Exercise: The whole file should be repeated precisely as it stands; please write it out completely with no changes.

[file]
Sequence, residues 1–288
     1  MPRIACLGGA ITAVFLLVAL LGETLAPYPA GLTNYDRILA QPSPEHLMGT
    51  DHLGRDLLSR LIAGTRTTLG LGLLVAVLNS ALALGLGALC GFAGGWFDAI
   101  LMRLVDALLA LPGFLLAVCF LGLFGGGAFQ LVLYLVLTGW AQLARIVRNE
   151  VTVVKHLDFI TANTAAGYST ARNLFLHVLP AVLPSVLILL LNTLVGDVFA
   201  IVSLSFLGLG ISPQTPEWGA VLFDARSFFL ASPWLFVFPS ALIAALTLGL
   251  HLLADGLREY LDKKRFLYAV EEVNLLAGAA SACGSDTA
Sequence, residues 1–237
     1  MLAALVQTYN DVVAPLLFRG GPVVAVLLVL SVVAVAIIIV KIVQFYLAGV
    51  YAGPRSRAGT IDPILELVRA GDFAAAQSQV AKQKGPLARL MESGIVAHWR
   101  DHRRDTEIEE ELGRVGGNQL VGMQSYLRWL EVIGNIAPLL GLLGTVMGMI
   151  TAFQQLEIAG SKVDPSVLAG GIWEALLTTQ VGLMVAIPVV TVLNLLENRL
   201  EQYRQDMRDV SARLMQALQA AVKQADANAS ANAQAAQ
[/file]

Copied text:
Sequence, residues 1–288
     1  MPRIACLGGA ITAVFLLVAL LGETLAPYPA GLTNYDRILA QPSPEHLMGT
    51  DHLGRDLLSR LIAGTRTTLG LGLLVAVLNS ALALGLGALC GFAGGWFDAI
   101  LMRLVDALLA LPGFLLAVCF LGLFGGGAFQ LVLYLVLTGW AQLARIVRNE
   151  VTVVKHLDFI TANTAAGYST ARNLFLHVLP AVLPSVLILL LNTLVGDVFA
   201  IVSLSFLGLG ISPQTPEWGA VLFDARSFFL ASPWLFVFPS ALIAALTLGL
   251  HLLADGLREY LDKKRFLYAV EEVNLLAGAA SACGSDTA
Sequence, residues 1–237
     1  MLAALVQTYN DVVAPLLFRG GPVVAVLLVL SVVAVAIIIV KIVQFYLAGV
    51  YAGPRSRAGT IDPILELVRA GDFAAAQSQV AKQKGPLARL MESGIVAHWR
   101  DHRRDTEIEE ELGRVGGNQL VGMQSYLRWL EVIGNIAPLL GLLGTVMGMI
   151  TAFQQLEIAG SKVDPSVLAG GIWEALLTTQ VGLMVAIPVV TVLNLLENRL
   201  EQYRQDMRDV SARLMQALQA AVKQADANAS ANAQAAQ